- Global Production
- The US Dollar
- Emerging Market Demand
- Substitution Effect
- Health News
The global supply of barley is a key determinant of its price. Political factors, such as crop subsidies in certain countries can have a significant effect on prices.
If governments in key suppliers such as the European Union decide to end subsidies of major agricultural commodities, then farmers will shift their production accordingly.
The US Dollar
The US currency is the world’s reserve currency. As a result, barley and other agricultural commodities are quoted in US dollars.
Barley producers receive fewer dollars for their product when the US currency is strong and more dollars when the currency is weak.
Factors such as US interest rates, trade surpluses/deficits, unemployment and GDP can all impact the value of the dollar versus other currencies.
Emerging Market Demand
A substantial amount of import demand for barley comes from China and Middle Eastern countries. As the Chinese economy expands, its demand for agricultural commodities will grow.
Similarly, India and emerging countries in Africa and the Middle East will require more food to feed their people as their economies grow.
As emerging market countries grow wealthier, their consumption of meat will likely increase. Since barley is used as livestock feed, its price should respond favorably.
Of course, if emerging economies suffer economic setbacks, then barley prices could decline.
Barley competes with other grains such as wheat and corn as dietary staples. If the price of barley rises significantly higher than these other grains, then consumer preferences might shift toward consuming lower priced alternatives.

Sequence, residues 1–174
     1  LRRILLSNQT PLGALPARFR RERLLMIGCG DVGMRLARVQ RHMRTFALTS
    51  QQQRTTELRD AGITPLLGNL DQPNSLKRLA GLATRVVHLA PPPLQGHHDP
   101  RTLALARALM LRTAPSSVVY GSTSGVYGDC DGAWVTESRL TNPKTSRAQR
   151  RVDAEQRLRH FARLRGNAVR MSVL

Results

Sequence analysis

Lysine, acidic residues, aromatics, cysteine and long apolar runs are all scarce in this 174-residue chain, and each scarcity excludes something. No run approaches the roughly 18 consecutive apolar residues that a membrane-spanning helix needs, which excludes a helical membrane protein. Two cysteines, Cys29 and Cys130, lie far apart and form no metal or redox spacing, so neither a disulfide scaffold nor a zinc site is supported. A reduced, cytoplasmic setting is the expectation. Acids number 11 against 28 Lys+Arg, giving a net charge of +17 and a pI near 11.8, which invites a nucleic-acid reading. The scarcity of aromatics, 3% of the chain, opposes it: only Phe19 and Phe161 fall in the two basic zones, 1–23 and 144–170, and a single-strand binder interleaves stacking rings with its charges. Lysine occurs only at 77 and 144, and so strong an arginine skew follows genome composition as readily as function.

Of course, if barley prices are significantly lower than competing grains, then consumers might increase their barley consumption. These changes in demand can impact barley prices.
Weather patterns can have a significant effect on crop prices, and barley is no exception. Barley grows best in cool, dry regions. Extreme heat, extreme cold or excessive rainfall could limit production and potentially send prices for barley much higher.
Barley has received considerable positive attention for its health benefits. Unlike other agricultural commodities such as soybeans, barley has remained free from negative publicity from the medical community.
As consumers continue to become more health conscious, barley consumption could rise in many regions throughout the world.
What Do Experts Think About Barley?
Experts see mostly positive news for the agriculture sector including barley in the years ahead.
The USDA recently raised its Chinese import expectations for barley citing increased demand for feedstuffs.
Jim Rogers, co-founder of the Quantum Fund and creator of the Rogers International Commodity Index, advocates trading in the agricultural commodity sector and believes it will make significant gains in the coming years.
You can open a chain of restaurants in the agricultural areas of the world because the farmers are going to be much more successful in the next 30 years than in the last 30 years.
– Jim Rogers, founder of Quantum Fund